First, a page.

In response to this forum's discussion of Duke football, Mack Sperling has posted a fantastic article, The Law and Duke Football. Mr. Sperling departed from "the mainstream of the business litigation decisions that" he normally covers on his blog, North Carolina Business Litigation Report, in order to discuss the Louisville-Duke football controversy as "a contract case that's important to the jurisprudence of North Carolina." In so doing, he stresses "the quality of Duke University football" — or, more accurately, its utter absence.
In its response to interrogatories in the already infamous case of University of Louisville v. Duke University, Case No. 07-CI-1765 (Ky. Franklin Cir. Ct., June 19, 2008), Duke University made the following confession:
Duke states that any and all college varsity teams in the Football Bowl Subdivision (formerly Division I-A) are teams of a "similar stature" to Duke. . . . Additionally, Duke states that any and all college varsity football teams in the Football Championship Subdivision (formerly Division I-AA) that would be considered as good or better than Duke in football. . . are teams of a "similar stature" to Duke. . . . [J]unior varsity programs of any of the aforementioned teams would not be teams of a '"similar stature" to Duke's varsity college football team.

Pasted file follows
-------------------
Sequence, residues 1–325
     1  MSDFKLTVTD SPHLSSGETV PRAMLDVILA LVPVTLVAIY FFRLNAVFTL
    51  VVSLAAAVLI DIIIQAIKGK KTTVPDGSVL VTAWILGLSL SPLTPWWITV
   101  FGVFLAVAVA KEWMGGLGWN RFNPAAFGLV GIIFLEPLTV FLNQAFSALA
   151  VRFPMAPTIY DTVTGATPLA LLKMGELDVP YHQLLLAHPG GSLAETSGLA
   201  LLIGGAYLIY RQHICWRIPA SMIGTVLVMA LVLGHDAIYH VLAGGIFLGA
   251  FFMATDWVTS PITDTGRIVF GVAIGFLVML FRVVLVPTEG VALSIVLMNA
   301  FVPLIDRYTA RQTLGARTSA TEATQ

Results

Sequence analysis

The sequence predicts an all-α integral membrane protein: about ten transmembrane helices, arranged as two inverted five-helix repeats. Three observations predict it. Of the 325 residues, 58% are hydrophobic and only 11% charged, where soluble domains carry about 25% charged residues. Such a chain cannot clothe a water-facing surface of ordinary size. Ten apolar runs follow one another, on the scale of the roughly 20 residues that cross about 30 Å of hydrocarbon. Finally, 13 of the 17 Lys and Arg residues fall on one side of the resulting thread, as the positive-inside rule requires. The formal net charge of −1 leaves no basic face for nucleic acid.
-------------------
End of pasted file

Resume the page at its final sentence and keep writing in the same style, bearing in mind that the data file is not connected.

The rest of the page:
That's right. Duke University has confessed, on the record, that its football team is no better than any Division I-AA varsity college football team. Blue Devil pride, such as it is, kept Duke from conceding even further ground to other Division I colleges' JV squads.
I hold firm to my previously stated views that Louisville deserved to win this case. Although I'd rather get the $450,000 in damages that Duke owes for breach of contract, I suppose that the entire Cardinal Nation, pending further appeals, will have to settle for the pleasure of Duke's humiliation in Franklin Circuit Court.
Appendix: Mr. Sperling has been kind enough to post Adobe .pdf files of key documents in University of Louisville v. Duke University:
- Athletic Competition Agreement (the contract that committed Duke to play four football games against Louisville)
- Complaint against Duke University
- Duke response to interrogatories
- Duke brief in support of its motion to dismiss
- Louisville brief in opposition to the motion to dismiss
- Duke reply brief
- Circuit Court opinion